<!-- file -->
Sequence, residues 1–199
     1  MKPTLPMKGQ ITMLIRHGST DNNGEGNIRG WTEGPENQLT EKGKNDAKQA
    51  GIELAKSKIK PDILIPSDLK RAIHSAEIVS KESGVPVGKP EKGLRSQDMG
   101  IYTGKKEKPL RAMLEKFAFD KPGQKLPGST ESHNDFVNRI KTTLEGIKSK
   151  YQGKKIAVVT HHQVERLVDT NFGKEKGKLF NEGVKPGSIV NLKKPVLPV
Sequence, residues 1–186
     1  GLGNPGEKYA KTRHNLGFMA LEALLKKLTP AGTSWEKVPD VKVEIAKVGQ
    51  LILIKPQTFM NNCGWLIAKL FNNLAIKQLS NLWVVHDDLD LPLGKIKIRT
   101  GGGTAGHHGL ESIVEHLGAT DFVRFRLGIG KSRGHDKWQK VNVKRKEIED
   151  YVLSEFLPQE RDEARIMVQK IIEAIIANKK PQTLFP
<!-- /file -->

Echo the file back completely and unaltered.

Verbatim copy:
Sequence, residues 1–199
     1  MKPTLPMKGQ ITMLIRHGST DNNGEGNIRG WTEGPENQLT EKGKNDAKQA
    51  GIELAKSKIK PDILIPSDLK RAIHSAEIVS KESGVPVGKP EKGLRSQDMG
   101  IYTGKKEKPL RAMLEKFAFD KPGQKLPGST ESHNDFVNRI KTTLEGIKSK
   151  YQGKKIAVVT HHQVERLVDT NFGKEKGKLF NEGVKPGSIV NLKKPVLPV
Sequence, residues 1–186
     1  GLGNPGEKYA KTRHNLGFMA LEALLKKLTP AGTSWEKVPD VKVEIAKVGQ
    51  LILIKPQTFM NNCGWLIAKL FNNLAIKQLS NLWVVHDDLD LPLGKIKIRT
   101  GGGTAGHHGL ESIVEHLGAT DFVRFRLGIG KSRGHDKWQK VNVKRKEIED
   151  YVLSEFLPQE RDEARIMVQK IIEAIIANKK PQTLFP